The Letters of J.R.R. Tolkien 153: To Peter Hastings (draft). September 1954

Contrary to your reading of the text, I don't see Tolkien casting judgement on Bombadil's pacifistic position, but rather included him as a way of pointing out that the perspective of the Elves is not the only one, or necessarily the correct one; I see this pointed out again in Letter 144 (the same as quoted by Rand al'Thor, though I take a different meaning from it; emphasis mine):

It is a natural pacifist view, which always arises in the mind when there is a war. But the view of Rivendell seems to be that it is an excellent thing to have represented, but that there are in fact things with which it cannot cope; and upon which its existence nonetheless depends.

The Letters of J.R.R. Tolkien 144: To Naomi Mitchison. April 1954

Although Tolkien was certainly not a pacifist in the manner of Bombadil, reading a criticism of pacifism feels disingenuous to me; Tolkien himself was no stranger to avoiding conflict for acadmic pursuits, having availed done exactly that in 1914:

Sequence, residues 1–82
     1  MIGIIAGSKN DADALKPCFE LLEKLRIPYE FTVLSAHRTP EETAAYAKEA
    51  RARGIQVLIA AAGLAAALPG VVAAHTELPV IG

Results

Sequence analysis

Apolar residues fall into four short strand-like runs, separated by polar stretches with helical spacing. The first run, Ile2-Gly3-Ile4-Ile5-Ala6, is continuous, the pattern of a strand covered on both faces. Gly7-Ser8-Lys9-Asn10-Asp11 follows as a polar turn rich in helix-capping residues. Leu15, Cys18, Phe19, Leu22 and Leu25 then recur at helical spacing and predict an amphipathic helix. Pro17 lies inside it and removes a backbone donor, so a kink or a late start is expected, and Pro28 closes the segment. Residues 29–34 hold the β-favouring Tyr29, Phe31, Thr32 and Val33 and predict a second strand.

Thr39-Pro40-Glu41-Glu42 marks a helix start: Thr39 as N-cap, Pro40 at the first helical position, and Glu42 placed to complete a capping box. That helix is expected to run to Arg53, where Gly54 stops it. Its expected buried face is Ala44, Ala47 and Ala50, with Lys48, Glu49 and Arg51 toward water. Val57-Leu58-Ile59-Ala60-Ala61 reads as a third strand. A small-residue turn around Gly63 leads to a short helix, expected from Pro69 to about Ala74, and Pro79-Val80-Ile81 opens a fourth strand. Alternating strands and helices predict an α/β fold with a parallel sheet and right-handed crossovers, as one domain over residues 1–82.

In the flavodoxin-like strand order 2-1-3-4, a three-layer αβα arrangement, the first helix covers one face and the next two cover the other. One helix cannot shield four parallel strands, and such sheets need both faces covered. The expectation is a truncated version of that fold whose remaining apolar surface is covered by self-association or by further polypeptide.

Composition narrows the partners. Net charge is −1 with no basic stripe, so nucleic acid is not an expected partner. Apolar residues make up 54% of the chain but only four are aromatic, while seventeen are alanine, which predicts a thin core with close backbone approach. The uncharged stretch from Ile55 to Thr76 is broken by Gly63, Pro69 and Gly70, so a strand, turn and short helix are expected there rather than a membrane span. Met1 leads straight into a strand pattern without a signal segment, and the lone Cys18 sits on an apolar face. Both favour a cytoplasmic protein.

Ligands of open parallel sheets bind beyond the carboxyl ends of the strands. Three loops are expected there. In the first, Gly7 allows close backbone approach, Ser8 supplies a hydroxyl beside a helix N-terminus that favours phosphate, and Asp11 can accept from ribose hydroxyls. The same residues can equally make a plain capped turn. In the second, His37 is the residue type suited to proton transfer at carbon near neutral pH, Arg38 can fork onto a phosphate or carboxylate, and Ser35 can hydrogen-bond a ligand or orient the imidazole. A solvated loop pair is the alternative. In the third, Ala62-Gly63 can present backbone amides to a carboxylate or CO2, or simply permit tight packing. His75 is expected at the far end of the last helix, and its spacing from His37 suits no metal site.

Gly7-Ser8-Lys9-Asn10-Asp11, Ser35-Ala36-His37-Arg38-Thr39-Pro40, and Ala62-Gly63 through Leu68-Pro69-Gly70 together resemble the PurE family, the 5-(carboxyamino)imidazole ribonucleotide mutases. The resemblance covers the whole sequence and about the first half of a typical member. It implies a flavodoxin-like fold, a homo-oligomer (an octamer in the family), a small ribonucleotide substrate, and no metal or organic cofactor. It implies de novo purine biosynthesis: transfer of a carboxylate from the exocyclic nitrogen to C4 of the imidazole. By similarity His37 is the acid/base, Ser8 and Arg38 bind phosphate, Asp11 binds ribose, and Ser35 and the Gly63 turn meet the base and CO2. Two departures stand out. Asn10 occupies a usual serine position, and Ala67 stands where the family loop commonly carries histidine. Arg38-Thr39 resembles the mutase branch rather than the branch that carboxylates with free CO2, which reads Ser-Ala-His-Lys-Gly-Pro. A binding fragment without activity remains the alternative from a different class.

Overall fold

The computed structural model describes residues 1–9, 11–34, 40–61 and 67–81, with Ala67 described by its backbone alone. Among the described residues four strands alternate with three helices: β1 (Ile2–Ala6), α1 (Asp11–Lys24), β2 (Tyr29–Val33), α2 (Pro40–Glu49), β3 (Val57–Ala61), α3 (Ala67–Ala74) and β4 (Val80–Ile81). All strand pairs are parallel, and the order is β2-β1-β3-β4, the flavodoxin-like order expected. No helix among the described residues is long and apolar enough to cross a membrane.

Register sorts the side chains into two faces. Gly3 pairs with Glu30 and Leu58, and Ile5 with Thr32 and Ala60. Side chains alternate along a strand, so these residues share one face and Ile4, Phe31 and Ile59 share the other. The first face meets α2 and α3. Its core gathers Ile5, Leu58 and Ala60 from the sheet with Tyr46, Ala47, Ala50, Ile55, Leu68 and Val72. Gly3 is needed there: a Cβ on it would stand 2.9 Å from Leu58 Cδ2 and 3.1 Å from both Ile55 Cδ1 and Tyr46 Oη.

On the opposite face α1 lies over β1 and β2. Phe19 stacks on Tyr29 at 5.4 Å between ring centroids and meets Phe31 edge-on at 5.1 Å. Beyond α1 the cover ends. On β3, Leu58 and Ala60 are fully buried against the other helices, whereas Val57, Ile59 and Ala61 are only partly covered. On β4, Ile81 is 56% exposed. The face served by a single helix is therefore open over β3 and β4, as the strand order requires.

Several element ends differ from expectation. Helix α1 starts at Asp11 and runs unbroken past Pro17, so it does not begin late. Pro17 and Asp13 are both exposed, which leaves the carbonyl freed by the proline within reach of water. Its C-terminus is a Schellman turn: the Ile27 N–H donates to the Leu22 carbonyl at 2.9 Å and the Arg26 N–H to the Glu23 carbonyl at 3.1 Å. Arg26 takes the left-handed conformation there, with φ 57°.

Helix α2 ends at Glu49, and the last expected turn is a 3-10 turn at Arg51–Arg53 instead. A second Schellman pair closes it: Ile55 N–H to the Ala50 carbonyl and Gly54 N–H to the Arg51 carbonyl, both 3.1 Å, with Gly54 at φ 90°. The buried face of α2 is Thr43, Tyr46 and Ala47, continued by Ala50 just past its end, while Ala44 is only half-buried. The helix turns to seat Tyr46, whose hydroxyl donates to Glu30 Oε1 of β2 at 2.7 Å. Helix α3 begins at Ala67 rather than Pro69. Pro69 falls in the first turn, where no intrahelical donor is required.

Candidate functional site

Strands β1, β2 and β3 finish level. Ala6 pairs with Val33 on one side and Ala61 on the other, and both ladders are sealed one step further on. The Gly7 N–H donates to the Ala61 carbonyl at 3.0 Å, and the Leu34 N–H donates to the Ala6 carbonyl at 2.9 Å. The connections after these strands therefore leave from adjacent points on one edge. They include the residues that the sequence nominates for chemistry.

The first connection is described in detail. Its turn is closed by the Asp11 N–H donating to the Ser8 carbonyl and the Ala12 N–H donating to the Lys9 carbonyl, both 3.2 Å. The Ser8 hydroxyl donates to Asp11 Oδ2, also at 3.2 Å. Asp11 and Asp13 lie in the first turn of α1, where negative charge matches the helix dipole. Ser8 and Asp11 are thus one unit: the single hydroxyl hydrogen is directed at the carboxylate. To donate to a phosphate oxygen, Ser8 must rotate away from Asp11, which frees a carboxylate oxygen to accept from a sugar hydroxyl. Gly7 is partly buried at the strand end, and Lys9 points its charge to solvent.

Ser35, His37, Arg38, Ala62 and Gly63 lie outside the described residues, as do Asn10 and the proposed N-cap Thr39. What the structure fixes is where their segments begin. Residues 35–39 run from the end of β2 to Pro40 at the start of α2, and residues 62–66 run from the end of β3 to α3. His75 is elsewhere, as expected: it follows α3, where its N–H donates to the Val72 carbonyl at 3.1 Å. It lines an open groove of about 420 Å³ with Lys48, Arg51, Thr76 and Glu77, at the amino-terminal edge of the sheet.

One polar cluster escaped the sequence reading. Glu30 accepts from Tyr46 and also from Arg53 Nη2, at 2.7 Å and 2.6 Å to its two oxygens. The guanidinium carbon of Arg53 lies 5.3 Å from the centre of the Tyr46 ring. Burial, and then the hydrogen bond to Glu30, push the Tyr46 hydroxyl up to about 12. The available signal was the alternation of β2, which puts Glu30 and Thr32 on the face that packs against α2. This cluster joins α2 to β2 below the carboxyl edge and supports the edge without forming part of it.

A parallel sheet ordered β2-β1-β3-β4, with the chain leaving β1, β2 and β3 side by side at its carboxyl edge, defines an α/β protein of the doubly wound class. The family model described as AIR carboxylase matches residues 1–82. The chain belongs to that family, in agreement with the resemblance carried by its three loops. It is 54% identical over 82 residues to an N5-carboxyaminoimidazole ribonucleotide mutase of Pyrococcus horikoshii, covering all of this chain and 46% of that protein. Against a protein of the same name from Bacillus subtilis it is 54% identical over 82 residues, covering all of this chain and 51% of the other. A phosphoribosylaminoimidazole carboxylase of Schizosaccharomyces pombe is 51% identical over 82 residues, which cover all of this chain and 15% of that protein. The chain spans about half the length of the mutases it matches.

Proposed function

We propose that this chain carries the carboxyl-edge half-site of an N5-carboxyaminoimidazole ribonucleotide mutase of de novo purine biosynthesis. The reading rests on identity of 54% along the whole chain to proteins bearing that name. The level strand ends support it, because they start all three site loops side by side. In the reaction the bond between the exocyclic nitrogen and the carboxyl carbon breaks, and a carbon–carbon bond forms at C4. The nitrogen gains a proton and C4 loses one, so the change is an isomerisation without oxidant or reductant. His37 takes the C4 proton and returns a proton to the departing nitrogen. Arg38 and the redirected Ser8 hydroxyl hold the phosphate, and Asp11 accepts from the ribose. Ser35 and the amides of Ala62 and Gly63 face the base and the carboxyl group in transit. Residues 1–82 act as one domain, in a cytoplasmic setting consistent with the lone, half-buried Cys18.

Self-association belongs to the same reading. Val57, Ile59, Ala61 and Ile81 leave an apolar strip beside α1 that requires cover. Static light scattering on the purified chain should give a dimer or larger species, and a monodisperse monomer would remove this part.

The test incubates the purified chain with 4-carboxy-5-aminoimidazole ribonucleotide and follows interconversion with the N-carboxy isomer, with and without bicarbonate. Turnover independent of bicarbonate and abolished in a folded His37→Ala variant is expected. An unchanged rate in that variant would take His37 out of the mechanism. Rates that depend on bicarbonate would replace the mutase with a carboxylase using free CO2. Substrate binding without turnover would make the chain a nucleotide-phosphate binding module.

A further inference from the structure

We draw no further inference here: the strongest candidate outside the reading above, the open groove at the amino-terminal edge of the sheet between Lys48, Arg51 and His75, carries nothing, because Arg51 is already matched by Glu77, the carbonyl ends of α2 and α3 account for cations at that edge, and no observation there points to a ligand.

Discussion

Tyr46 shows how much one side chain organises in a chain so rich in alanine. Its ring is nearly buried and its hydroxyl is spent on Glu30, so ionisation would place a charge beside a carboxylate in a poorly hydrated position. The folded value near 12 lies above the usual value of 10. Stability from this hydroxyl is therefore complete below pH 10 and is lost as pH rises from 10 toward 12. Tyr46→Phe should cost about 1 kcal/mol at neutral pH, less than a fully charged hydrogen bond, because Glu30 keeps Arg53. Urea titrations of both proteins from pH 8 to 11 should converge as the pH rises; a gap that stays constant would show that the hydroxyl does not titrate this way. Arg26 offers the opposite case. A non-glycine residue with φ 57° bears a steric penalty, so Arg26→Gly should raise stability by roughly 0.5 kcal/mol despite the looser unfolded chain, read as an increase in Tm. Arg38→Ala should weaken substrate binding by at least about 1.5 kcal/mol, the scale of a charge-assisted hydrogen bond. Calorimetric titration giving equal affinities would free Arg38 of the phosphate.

[W]ar broke out the next year, while I still had a year to go at college. In those days chaps joined up, or were scorned publicly. It was a nasty cleft to be in, especially for a young man with too much imagination and little physical courage. No degree: no money: fiancée. I endured the obloquy, and hints becoming outspoken from relatives, stayed up, and produced a First in Finals in 1915.

The Letters of J.R.R. Tolkien 43: To Michael Tolkien. March 1941

Though of course he did join the war in the end.

  • The Letter 153 quote is certainly interesting and relevant, but does it directly answer the question of whether Tolkien thinks Bombadil-pacifism is useful in-universe (rather than just as a demonstration to the reader that other valid points of view exist)? – Rand al'Thor Sep 15 '16 at 22:44
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    @Randal'Thor I'm quite confident that nothing answers that question. Fortunately, this question is about how Tolkien's opinion of pacifism comes through in his writing – Jason Baker Sep 15 '16 at 22:48